European policy guide aims to benefit growers

A new report intended to guide European agricultural policy makes a number of proposals intended to benefit farmers and growers, including mandatory exchange of pricing information, an EU-wide adjudicator on supply chain relations and support for sustainability and innovation.

Commission: Agricultural Markets Task Force set up to examine and improve position of farmers in supply chain - image: Thijster Haar
Commission: Agricultural Markets Task Force set up to examine and improve position of farmers in supply chain - image: Thijster Haar

The Agricultural Markets Task Force was set up in January this year by agriculture commissioner Phil Hogan to examine the position of farmers in the supply chain and suggest improvements. "There is concern that farmers ... are becoming the main shock absorber in the supply chain as regards market risks such as price volatility or prolonged periods of low prices," it says. Yet farmers suffer from an "information asymmetry" that "creates mistrust, in particular in relation to price transmission and the distribution of value added along the chain".

To remedy this, the report recommends mandatory price reporting "in duly aggregated form" via "easy-to-use communication formats" to address information gaps in the chain - that "could provide useful information for the public at large about the distribution of the value added along the chain". It also calls for an EU-wide adjudicator to cover alleged unfair trading practices such as maximum payment periods, which in the manner of the UK's grocery code adjudicator should have the power to conduct investigations based on anonymised complaints. It suggests that farmers should have a legal right to request and obtain a written contract with buyers.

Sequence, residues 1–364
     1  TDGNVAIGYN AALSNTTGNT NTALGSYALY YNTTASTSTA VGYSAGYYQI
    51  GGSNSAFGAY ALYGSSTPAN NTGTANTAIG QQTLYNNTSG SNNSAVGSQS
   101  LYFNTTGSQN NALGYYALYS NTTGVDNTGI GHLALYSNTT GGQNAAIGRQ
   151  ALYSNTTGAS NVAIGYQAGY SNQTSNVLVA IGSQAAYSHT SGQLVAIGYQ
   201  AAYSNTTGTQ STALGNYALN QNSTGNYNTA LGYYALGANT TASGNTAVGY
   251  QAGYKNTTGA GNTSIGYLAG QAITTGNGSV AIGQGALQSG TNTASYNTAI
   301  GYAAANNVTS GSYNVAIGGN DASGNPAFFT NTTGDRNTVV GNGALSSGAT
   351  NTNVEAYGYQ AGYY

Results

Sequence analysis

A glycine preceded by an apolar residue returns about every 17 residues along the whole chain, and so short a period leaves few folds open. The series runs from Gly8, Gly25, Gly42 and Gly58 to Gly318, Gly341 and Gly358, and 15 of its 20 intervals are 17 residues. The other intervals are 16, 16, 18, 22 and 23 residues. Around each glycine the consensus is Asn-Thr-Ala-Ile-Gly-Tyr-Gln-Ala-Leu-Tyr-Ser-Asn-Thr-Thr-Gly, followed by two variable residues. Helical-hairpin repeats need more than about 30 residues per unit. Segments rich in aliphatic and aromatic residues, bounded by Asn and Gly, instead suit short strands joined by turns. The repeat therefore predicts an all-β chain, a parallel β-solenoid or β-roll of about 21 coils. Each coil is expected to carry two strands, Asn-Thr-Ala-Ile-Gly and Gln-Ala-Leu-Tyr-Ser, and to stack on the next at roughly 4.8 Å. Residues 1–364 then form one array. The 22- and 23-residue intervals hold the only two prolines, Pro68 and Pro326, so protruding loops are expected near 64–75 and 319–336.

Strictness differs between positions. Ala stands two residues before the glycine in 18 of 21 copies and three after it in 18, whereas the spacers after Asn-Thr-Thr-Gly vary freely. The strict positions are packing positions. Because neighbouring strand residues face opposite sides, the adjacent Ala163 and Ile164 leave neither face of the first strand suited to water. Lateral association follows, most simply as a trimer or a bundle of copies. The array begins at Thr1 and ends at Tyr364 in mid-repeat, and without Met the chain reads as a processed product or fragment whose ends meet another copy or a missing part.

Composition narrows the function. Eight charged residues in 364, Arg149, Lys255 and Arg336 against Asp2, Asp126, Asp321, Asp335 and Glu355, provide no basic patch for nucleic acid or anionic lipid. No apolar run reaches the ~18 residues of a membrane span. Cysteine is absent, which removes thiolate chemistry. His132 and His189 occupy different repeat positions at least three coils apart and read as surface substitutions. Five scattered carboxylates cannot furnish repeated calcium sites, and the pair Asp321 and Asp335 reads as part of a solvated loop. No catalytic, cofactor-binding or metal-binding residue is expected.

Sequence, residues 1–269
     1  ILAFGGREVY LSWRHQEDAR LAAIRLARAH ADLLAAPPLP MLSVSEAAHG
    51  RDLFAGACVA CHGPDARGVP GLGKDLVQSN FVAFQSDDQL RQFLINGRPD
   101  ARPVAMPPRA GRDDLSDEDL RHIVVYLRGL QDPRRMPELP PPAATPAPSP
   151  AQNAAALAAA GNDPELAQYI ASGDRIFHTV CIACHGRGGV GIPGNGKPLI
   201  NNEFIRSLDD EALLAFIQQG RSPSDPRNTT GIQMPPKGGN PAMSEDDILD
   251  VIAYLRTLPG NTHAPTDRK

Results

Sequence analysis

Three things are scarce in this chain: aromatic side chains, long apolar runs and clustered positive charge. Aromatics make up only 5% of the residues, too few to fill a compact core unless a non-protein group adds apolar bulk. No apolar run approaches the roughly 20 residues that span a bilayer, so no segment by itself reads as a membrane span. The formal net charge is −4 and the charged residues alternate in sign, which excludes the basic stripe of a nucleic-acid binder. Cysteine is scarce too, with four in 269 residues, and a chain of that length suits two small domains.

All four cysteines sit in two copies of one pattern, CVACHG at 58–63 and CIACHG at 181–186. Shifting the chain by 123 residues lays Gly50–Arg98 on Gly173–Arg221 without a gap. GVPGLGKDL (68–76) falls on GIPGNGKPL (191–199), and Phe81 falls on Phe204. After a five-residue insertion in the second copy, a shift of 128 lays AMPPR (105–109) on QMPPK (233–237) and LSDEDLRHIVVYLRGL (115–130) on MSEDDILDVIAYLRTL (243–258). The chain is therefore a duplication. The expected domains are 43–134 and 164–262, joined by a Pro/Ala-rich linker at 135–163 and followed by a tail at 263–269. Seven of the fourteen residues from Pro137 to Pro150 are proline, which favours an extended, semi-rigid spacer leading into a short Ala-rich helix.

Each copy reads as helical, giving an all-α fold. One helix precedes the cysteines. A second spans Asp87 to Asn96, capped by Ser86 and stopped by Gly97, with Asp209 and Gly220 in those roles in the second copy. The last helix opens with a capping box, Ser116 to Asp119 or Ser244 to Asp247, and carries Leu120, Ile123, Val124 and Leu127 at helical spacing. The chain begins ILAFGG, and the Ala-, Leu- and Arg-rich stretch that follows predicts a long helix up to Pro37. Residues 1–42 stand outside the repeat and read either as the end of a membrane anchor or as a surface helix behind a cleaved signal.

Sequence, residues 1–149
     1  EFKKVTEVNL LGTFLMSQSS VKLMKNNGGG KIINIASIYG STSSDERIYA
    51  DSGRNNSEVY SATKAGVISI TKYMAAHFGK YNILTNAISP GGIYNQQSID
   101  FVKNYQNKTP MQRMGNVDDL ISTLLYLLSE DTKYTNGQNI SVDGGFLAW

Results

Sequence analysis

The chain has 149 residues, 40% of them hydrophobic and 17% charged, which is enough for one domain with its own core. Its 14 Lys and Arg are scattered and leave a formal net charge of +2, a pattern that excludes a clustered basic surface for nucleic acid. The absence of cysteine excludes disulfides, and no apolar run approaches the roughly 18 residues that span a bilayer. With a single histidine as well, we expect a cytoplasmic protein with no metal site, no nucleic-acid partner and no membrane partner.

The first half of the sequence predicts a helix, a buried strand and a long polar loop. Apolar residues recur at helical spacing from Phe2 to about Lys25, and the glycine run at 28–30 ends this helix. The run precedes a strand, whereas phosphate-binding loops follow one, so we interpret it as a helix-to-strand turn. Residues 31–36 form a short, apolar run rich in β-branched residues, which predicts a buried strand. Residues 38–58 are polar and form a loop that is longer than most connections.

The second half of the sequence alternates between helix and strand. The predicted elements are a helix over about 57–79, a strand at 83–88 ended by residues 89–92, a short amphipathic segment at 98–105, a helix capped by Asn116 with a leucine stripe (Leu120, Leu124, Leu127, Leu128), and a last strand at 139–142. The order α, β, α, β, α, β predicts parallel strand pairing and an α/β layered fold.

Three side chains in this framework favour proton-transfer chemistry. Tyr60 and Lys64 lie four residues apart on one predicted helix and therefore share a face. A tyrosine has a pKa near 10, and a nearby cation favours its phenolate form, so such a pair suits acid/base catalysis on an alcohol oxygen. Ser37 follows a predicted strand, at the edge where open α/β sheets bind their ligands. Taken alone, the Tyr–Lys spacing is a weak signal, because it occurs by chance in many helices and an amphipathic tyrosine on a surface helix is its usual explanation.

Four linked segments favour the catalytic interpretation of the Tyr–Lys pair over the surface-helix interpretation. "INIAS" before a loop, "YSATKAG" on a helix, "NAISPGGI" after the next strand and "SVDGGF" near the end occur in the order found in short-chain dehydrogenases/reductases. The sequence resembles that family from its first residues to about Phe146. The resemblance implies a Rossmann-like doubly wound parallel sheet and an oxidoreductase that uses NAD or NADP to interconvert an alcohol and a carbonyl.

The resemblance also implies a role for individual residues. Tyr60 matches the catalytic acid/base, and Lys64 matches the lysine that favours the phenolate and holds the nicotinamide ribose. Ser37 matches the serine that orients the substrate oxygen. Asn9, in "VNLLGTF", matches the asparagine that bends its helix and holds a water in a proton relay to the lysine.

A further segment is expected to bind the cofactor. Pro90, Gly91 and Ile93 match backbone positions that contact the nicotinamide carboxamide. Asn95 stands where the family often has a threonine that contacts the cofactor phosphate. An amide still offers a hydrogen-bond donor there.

On the future direction of the EU's Common Agricultural Policy (CAP), it states: "A modern CAP should continue along the path taken. However, it should also play a role for those farmers who do not consider integration in international markets an opportunity to grow their business. (It) should remunerate farmers who specialise in specific products and services, provided they offer measurable advantages for animals, nature and landscapes which are in the public interest."

It adds: "The emphasis on innovation should be stepped up, eg on research and development in agricultural production methods and on new assisting technologies such as precision agriculture. Centres for education and training in Europe have to be revitalised and should integrate curricula focused on innovation, farm management and agricultural engineering."

Hogan said: "Strengthening the position of the farmer is a major priority. The importance of the issue is already acknowledged in the Commission work programme for 2017 and the report will play a key role in the delivery of this commitment."


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